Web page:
Protest at Shaheen Bagh

CAA protests: Making it count in Delhi

Print edition : January 31, 2020

On the night of December 31 , protesters ring in the New Year raising slogans against the CAA and the NRC at south-east Delhi’s Shaheen Bagh. Photo: shiv kumar pushpakar

A protester at Shaheen Bagh holding a poster showing a detention camp. Photo: Shiv Kumar Pushpakar

Women of Delhi’s Shaheen Bagh lead a silent revolution against the CAA, the NRC, and the NPP, braving cold weather conditions.

TO be a Muslim is to be an orphan or the “other” in new India. Since 2014, there have been systematic attacks on the identity of the country’s largest minority community. The Bharatiya Janata Party (BJP) has denied its members the ticket to contest elections, and in States such as Karnataka, Telangana and Uttar Pradesh, the name of every sixth Muslim has been deleted from the electoral rolls. Add to this the Centre’s decision to turn Jammu and Kashmir, India’s only Muslim-majority State, into a Union Territory, and the picture of marginalisation of Muslims is complete. Since 2014, the community has been silenced. Muslims have been browbeaten into accepting the Muslim Women’s Representation of Marriage Act and even the renaming of cities that had names associated with the community. But now there is resistance, not by some dubious cleric or shrewd politician trying to fish in troubled waters but by veiled Muslim women.

The women—homemakers, schoolteachers, college lecturers and professors, the old and the young—have emerged as the strongest rallying point in the protest against the Citizenship (Amendment) Act (CAA), the National Register of Citizens (NRC) and the National Population Register (NPR). The site of their protest, Shaheen Bagh in south-east Delhi, has attracted international attention. The venue is just a few minutes’ walk from Jamia Millia Islamia, the Central university campus that saw the Delhi Police force their way into the library, hostel and other areas and fire tear gas shells on December 15, 2019. With their peaceful and relentless dharna, the women have given hope and courage to the men to carry on the fight another day.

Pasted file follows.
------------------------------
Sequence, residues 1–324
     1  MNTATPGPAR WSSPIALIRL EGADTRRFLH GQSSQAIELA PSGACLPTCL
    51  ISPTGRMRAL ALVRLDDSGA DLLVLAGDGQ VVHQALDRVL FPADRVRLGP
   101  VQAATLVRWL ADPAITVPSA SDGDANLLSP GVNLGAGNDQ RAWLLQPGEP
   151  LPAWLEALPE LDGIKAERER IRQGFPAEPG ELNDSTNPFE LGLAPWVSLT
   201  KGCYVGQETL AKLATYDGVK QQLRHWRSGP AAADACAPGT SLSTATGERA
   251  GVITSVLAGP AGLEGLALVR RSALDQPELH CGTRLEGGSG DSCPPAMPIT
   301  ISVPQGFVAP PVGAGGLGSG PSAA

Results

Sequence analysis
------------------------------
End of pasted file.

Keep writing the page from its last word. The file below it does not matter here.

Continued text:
The women gathered at Shaheen Bagh in response to the police action on the Jamia Millia Islamia campus and startled their detractors by staging a protest replete with the imagery of India. The national flag on the two flanks of the stage, tricolour buntings and tricolour balloons provide an idea of India. To the left of the stage are handwritten or hand-drawn placards demanding the withdrawal of the CAA, the NRC and the NPR. A few of the placards take a dig at the Prime Minister and the Home Minister.

One placard notably shows a woman wearing a hijab with a bindi on her forehead. The legend reads: “Mr PM, now recognise me by my clothes!” It is not so much a challenge to Narendra Modi, who had remarked that the protesters could be identified by their clothes, but an expression of their new-found political savvy. When Home Minister Amit Shah claimed the government was not moving back an inch on the CAA, the women thundered: “We are not moving back a millimetre.”

In spite of the freezing cold in Delhi, the women have been resolute in their protest. Braving chilly winds, sitting on a rug on the road, with just a tarpaulin sheet over their heads, the women derive solace from each other’s company. When Shabana feeds her six-month-old baby, there is a Nabeela or a Shah Jehan to lend a shawl to cover her. “If we do not sit here today, we might have to sit in a detention centre tomorrow. So we will fight for our rights here and now. We will not allow Modi to change our Constitution. People of all religions cooperated to give us this Constitution,” Shabana says.

Rehana Khatoon, with her 20-day-old baby in her lap, says: “If I do not protest, when my child grows up, he will ask me ‘what were you doing when India was protesting against the CAA?’ What will I say? I do not want my child not to respect me or think of me as a coward.”

When Salma had to go home to check on her ailing mother-in-law, her neighbour of many years in Abul Fazal Enclave, Suraiya, stepped in. Rifat, who teaches at a school, joins the protest in the afternoon. “They have awakened a sleeping giant. They call us Pakistanis. It is our land. Kisike baap ka Hindustan thode hi hai [India belongs to nobody’s father]. You tell the world it is Muslims versus the government. It is not true. Yes, I am a Muslim. And I am proud of being one. Why should I hide my Muslim identity to be accepted as an Indian? But with us there are Dalits who are being killed in Kanpur. There are people from all communities. You go to India Gate and Jantar Mantar, everybody joins. They all realise that today it is the Muslims, tomorrow it could be them. You want to divide us. We will not let you.”